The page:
Not long ago, I watched our campaign bus driver, Liz, FaceTime with her kids when we stopped for gas. She asked how their days were. She described the scenery in Pennsylvania and Ohio as we drove from stop to stop. She told them how much she loved them. Liz is a working mom from Atlanta who makes a living driving shifts on chartered buses. Overnight trips aren’t her favorite assignment, but sometimes she needs the extra hours. Her husband is a truck driver, so he’s often on the road too. Liz has a son in college. When she and I got to talking, she told me how she’s so worried about being able to afford his tuition. I wanted to tell Liz — and the 20 million working moms in America like her — to let me take some of that worry on for her. She’s got more than enough already.
Raising a family shouldn’t prevent anyone from furthering their own education, starting a business, or following their dreams.
Over the years, I've had a bit of a reputation for being a policy wonk. It's true! I sweat the small stuff. But I have a really good reason for doing that . . . Liz is my reason. So is every other woman who’s pulling together kids at home, working multiple jobs, getting paid wages that are far too low, and trying to afford skyrocketing child care costs, tuition fees, health care, and so much more.
It’s easy to see how quickly all these challenges can pile up. For too many mothers (and fathers too!), succeeding at work while being there for family now requires nothing less than a heroic balancing act.
Now, no one says it’s supposed to be easy. But surely it doesn’t need to be quite this hard. That’s why it’s so important for our next president to sweat the details — and do everything possible to make life a little easier for working parents. Raising a family shouldn’t prevent anyone from furthering their own education, starting a business, or following their dreams.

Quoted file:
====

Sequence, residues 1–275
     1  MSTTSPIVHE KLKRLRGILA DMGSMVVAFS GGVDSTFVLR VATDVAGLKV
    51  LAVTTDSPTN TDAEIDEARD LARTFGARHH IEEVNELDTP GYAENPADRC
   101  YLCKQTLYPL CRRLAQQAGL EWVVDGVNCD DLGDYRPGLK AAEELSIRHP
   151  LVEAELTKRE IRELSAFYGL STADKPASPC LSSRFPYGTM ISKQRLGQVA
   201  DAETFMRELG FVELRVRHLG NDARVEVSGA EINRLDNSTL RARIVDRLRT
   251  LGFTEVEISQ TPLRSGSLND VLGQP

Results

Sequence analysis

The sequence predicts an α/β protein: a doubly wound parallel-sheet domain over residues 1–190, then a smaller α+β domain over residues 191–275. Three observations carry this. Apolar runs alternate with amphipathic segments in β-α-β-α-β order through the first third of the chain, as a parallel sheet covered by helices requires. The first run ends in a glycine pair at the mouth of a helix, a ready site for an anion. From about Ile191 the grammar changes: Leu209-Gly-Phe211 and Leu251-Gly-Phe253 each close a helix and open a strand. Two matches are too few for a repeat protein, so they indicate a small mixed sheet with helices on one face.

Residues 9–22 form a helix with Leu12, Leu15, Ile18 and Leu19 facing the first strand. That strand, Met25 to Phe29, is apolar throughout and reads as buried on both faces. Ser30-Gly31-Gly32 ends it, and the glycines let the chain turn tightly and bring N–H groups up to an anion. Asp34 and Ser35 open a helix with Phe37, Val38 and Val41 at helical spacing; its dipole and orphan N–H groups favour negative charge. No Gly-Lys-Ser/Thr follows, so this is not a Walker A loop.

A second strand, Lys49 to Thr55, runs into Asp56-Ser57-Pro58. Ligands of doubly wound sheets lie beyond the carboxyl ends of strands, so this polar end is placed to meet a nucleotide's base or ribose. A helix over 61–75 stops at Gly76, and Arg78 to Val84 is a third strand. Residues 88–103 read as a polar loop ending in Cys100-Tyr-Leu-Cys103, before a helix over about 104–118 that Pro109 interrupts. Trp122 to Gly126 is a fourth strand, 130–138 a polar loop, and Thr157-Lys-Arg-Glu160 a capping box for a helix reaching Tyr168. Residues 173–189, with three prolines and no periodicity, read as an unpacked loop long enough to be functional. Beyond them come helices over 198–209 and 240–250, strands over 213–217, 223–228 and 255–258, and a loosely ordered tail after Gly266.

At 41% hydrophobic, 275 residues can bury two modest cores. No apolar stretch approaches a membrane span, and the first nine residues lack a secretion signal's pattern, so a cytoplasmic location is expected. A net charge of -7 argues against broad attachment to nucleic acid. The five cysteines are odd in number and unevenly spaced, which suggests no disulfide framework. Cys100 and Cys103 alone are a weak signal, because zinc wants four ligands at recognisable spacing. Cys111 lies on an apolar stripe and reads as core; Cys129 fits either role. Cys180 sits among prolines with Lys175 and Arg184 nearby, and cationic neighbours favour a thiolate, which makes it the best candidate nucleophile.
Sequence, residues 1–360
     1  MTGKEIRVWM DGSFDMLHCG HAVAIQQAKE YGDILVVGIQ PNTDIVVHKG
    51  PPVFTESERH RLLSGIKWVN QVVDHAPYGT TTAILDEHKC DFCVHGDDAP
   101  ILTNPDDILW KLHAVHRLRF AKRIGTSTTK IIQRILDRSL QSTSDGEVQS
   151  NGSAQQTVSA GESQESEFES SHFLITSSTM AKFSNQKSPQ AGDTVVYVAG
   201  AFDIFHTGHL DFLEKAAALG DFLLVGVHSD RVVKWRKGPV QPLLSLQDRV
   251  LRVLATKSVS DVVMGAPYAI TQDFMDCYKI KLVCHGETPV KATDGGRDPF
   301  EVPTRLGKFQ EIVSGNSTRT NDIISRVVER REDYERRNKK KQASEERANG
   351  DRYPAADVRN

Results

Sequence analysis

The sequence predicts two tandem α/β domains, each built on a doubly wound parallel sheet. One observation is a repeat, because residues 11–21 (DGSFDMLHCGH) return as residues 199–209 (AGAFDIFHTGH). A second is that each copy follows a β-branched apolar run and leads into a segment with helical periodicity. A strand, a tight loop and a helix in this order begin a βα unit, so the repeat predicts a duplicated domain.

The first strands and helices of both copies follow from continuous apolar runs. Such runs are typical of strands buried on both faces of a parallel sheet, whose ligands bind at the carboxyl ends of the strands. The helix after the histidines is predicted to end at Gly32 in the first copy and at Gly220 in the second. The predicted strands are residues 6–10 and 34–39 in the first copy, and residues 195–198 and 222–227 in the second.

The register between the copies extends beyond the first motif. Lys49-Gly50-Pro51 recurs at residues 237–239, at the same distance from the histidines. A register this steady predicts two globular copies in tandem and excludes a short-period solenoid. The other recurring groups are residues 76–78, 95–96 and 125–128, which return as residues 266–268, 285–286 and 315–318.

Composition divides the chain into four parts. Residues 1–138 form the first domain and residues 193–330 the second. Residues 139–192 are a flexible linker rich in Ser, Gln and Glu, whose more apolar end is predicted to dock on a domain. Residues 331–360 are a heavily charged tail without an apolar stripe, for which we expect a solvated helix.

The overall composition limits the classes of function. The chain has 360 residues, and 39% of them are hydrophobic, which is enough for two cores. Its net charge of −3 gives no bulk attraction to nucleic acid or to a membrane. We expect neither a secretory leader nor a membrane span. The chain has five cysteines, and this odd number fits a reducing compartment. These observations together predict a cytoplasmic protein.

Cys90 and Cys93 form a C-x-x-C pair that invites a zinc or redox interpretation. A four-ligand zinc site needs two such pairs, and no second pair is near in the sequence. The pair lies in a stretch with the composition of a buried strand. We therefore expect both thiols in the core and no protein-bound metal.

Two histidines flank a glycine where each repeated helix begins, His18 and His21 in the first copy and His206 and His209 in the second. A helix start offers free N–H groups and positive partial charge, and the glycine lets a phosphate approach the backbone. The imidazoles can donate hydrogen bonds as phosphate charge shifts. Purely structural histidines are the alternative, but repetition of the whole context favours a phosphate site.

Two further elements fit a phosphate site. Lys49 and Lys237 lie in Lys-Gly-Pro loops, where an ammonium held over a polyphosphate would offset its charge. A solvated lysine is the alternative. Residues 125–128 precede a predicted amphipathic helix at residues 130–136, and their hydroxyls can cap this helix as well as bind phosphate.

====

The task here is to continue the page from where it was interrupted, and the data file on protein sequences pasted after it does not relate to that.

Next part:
Now, I’m under no illusions. It's going to take real work to get this done — detail-oriented, determined work. We need to raise wages and close the pay gap. Raising the minimum wage will be key, because about two-thirds of minimum-wage and tipped workers are women. And we need to pass the Paycheck Fairness Act to hold companies who don’t pay women fairly accountable for their actions.
We need affordable child care and paid family leave. We need to expand access to health care so that you and your kids will always be covered. And we need to make certain that you will always be able to make your own healthcare decisions. This isn't easy, but it's no harder than what Liz does all the time: getting on the road, driving for hours, and leaving her kids behind.
A man who says that “putting a wife to work is a very dangerous thing” has no business running our country.
But if we're going to make it possible for Liz to worry less, we need to make sure Donald Trump never becomes president. A man who says that “putting a wife to work is a very dangerous thing” has no business running our country. And a man who characterizes pregnancy as “an inconvenience for a business” has no business running a company. His advice to a woman who asked how she might raise money to start a small business? That she ought to find a rich husband. This isn't a guy who even pays attention to reality, much less the details.
Working moms have had their fill of insults and condescension. You’re out there making sacrifices for your families every day. And they’re paying off: a recent Harvard study found that daughters of working moms make 23 percent higher salaries when they grow up. We need to make it easier to continue that progress.
Working moms are our doctors, our teachers, and the drivers who keep us safe on long road trips through warm Summer nights. And while you’re working hard to fulfill your dreams — and to help your kids achieve theirs — I’ll never stop fighting for you.